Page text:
Death in Bagheria is Serafina’s third mystery. She is commissioned to investigate the death of a baroness who lived in Bagheria. In the nineteenth century, Bagheria was a watering hole for Europe’s wealthy; today, it's known for its waterfront and the lush, Sicilian Baroque villas lining Corso Umberto. BTW, Bagheria dates back to the Phoenicians who named it Baaria.
In the middle of the story, Serafina reflects on her life. Here’s the excerpt. It’s from the chapter called “Dressing for Dinner”:
Serafina was awakened by a light tapping at her bedroom door.
“I hope I am not here too soon, Madame, but I will be happy to draw your bath and help you with your toilet. You have only an hour and a half before dinner, and the bishop has arrived,” Doucette said.
“I could use the help. My hair has always been a problem for me.”
“Not at all. Madame’s curls are lovely if perhaps hard to tame at times.” Doucette drew the bath and returned within the hour to help Serafina into her undergarments and gown, a deep royal blue organdy with a low neckline, the overskirt pulled back into a bustle.
Serafina shook her head. “I travel with pearls and can fasten them myself,” she said, reaching into her bag and pulling out a long strand and earrings.
“While she worked on Serafina’s hair, Doucette said, “I heard about the theft of the journals. They talk of nothing else below stairs. How distressing for you. Have you found them?”
Serafina shook her head, declining to tell the housekeeper about the book forgotten in the hallway. “What do you think may have happened?”
Doucette shrugged. “Such a shame but I cannot begin to understand why anyone would steal such little books, unless someone wanted them in order to sell the covers. There are very many, and although each may fetch only pennies, for the needy, at least the sum would be something.”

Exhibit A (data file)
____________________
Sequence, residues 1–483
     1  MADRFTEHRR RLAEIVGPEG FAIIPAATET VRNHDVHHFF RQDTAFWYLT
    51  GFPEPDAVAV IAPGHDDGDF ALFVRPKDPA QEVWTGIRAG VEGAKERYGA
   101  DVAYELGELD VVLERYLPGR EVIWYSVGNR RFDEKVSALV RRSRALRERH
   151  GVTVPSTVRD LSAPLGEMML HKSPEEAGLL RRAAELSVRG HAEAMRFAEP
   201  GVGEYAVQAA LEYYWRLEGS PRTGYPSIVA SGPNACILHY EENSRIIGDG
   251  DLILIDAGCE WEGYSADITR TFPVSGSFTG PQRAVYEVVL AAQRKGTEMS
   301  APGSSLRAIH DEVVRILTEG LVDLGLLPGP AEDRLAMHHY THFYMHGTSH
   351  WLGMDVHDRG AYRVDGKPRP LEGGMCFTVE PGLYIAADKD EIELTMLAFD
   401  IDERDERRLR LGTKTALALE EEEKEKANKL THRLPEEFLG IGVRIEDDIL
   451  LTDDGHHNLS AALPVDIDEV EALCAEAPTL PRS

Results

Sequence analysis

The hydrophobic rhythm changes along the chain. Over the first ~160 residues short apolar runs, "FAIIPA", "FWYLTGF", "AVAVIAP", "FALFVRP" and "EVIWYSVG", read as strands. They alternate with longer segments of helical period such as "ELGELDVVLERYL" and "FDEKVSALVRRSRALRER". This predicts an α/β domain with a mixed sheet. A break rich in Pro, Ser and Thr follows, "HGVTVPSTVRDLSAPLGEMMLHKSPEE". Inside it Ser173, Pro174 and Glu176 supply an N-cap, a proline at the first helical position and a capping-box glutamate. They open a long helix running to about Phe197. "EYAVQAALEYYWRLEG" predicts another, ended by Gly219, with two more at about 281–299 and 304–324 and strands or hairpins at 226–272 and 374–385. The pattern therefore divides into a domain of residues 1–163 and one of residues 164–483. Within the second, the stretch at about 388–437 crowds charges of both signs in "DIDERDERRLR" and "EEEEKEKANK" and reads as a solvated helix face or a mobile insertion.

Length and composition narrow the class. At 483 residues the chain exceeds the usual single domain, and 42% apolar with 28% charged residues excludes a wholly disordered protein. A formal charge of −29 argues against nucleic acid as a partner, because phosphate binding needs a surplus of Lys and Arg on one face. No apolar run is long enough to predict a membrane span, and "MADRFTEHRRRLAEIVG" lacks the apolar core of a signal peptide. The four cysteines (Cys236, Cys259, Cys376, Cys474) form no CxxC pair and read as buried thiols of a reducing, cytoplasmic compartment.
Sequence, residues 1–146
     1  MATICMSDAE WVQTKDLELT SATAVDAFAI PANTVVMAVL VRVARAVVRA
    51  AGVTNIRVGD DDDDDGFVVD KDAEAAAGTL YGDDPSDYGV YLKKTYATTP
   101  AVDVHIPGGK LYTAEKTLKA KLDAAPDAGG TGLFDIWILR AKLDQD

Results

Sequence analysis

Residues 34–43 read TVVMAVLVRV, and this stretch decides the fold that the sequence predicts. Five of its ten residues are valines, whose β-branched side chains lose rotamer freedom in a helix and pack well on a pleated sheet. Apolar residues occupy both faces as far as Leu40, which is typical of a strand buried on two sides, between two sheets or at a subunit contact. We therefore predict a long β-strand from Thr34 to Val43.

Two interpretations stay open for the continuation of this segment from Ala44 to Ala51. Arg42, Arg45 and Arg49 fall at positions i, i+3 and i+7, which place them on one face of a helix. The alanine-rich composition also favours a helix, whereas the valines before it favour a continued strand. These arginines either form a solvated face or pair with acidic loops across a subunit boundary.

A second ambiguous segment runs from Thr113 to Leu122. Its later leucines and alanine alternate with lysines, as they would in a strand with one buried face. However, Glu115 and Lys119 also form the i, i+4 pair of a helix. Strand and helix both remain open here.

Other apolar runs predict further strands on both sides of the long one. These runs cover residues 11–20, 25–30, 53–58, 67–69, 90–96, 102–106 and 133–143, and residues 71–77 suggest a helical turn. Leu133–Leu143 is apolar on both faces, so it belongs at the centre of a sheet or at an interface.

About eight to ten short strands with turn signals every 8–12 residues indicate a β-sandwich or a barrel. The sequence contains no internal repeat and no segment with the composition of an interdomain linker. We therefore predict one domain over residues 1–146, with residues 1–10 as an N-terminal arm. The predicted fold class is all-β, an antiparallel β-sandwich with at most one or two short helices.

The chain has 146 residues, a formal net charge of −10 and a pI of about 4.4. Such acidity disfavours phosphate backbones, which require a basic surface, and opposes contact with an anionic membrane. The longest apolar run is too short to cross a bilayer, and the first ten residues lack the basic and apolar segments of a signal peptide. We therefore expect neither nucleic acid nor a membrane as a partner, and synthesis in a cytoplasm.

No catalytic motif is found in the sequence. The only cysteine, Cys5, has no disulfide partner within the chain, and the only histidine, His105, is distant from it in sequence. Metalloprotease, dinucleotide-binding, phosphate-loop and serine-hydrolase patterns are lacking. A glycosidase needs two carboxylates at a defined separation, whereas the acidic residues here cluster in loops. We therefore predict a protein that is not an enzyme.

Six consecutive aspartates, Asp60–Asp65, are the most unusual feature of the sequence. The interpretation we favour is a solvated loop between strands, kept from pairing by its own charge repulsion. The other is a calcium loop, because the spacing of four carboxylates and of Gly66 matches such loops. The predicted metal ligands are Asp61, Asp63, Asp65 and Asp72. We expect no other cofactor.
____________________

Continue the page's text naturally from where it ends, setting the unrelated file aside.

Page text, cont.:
There was silence for a while as the housekeeper’s deft fingers worked.
“You are so talented, Doucette, do you hope to work as a hairdresser in Paris?”
“Madame is too kind, but Paris is the height of fashion, and I am afraid I am not talented enough to make money from hairdressing anymore. The styles have changed so much in ten years, but as you know, I have been working all my life and have no need to work anymore. I think it is time for me to enjoy the remaining days, no?”
Interesting, the housekeeper had amassed enough money so that with wise investment, she’d no longer need to find employment. While Doucette worked on her hair, Serafina let her mind roam. If she were honest, she could not imagine a life without laboring for pay. She’d been helping her mother with midwifery since the age of five and, for the past four years, worked as a sleuth whenever Oltramari’s commissioner sent for her. Not only did her stipend help to support the family, the effort engaged her mind and, yes, gave her the accolades of the townspeople. But, in future, she thought she’d limit her activities to the boundaries of her city. Away from home, she had too little time with her children. She trusted that Teo and Maria weren’t fighting and that her grandson had gotten over the croup but, if not, that Carmela had called Loffredo. Serafina’s absence left her oldest daughter with a burden, she knew, even though Rosa’s cook agreed to feed her family when Renata was not at home. And lately, she seldom saw Carlo. She wondered if this was how it would be as soon as her children grew to his age. They’d leave, and she’d be without them. She shuddered, looked in the mirror, barely recognizing the woman who stared back at her.
Doucette had finished.